In 2018, as protests and political assassinations rocked the second poorest country in the Western Hemisphere, Nicaragua’s Mothers of April Association (AMA) organised to support the victims of state repression and their families. The group quickly embarked on initiatives focused on memory, reparations, and justice. Among their most emblematic projects was a national Museum of Memory. This week the institution—renamed the Museum of Memory Against Impunity in Nicaragua—received an award from the Violeta Barros de Chamorro Foundation, a major Central American NGO focused on free speech rights and press freedoms.
Open to in-person visitors in galleries provided by Managua’s Institute of History for Nicaragua and Central America through February 2020, the museum currently exists as a multimedia gallery dedicated to the victims of the Ortega dictatorship. Besides displaying photos and ephemera collected from the victims’ families, it also features, among other displays, a forensic reconstruction of the 30 May Mothers’ Day massacre (it claimed 17 lives and 200 injured), a podcast devoted to the victims’ memory, as well as a ‘zine that provides answers to crucial questions regarding specific instances of human rights violations in that country—“Who were the victims?” “What happened to them?” “How should they be remembered?”—as well as an “analysis of patterns of state repression and the socio-demographic status of those affected”.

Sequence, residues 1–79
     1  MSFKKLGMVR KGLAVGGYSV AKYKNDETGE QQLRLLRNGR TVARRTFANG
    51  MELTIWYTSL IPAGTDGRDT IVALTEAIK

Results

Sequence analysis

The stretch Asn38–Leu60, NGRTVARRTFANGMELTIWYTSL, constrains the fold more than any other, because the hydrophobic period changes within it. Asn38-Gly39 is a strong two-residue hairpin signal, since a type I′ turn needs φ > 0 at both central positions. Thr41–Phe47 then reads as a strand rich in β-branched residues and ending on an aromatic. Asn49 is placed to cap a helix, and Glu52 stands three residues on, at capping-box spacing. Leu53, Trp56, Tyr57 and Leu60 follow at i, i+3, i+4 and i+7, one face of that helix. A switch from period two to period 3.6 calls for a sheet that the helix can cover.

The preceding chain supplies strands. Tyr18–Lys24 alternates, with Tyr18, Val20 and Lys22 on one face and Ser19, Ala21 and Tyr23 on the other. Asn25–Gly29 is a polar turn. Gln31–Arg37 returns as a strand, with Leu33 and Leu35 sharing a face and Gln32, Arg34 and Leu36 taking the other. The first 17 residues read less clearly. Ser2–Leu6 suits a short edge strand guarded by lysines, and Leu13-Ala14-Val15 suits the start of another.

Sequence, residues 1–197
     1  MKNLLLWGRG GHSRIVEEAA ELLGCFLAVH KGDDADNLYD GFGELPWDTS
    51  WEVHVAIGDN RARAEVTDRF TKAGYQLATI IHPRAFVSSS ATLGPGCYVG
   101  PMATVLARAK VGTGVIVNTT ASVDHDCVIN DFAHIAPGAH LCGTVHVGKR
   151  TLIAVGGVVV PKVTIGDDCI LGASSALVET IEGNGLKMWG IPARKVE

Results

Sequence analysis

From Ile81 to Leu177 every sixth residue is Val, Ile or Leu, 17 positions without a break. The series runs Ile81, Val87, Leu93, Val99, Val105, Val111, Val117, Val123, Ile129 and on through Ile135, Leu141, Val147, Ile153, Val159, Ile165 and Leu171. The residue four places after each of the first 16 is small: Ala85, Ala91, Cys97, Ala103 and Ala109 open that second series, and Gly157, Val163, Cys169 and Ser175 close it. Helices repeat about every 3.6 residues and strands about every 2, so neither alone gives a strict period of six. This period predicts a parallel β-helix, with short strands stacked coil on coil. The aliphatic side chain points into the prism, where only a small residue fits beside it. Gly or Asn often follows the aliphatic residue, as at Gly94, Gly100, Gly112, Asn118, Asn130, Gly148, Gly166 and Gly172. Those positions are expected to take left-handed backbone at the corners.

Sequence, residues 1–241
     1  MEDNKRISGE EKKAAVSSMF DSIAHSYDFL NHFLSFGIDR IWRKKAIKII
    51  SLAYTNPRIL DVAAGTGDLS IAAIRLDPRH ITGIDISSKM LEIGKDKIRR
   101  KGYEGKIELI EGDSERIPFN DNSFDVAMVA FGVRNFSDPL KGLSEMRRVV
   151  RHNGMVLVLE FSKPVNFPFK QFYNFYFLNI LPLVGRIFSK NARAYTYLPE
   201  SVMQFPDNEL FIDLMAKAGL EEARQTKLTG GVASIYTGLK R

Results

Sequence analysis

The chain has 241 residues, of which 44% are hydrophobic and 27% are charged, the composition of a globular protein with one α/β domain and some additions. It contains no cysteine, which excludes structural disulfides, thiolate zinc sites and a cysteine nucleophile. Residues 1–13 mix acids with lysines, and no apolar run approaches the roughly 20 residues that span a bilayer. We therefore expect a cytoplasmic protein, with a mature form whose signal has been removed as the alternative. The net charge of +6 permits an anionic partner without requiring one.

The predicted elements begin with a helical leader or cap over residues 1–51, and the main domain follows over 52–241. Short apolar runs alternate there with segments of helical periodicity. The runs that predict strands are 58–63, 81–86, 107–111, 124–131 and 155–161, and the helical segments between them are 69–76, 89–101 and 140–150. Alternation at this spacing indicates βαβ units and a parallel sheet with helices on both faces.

Closed due to the joint impact of government reprisals and the global pandemic, the museum has recently seen its profile significantly raised. Important coverage has appeared in the local press and in international outlets such as CNN, The San Diego Tribune, Germany’s Deutsche Welle and Spain’s El País. Before it closed its physical location, the museum had received 10,000 in-person visitors in an atmosphere rife with government intimidation. Since going fully virtual, the museum has received more than 30,000 unique visitors.
When reached by telephone in Costa Rica, the museum’s director, Emilia Yang Rappaccioli, told The Art Newspaper that she is extremely grateful to the Violeta Barros de Chamorro Foundation for its recognition of the museum’s contribution to “digital innovation to benefit press freedoms,” but that she wished to share the award “with that vast network of partnering institutions and anonymous professionals who have elected to serve memory and truth.”
An Annenberg Fellow and PhD candidate in Interdisciplinary Media Arts and Practice at the University of Southern California who also lost her uncle to the violence in 2018, Yang Rappaccioli also expressed a desire to find additional institutions in the US and Europe to partner with for future exhibitions. “Historical memory,” she said, “is like a vaccine against impunity and forgetting.”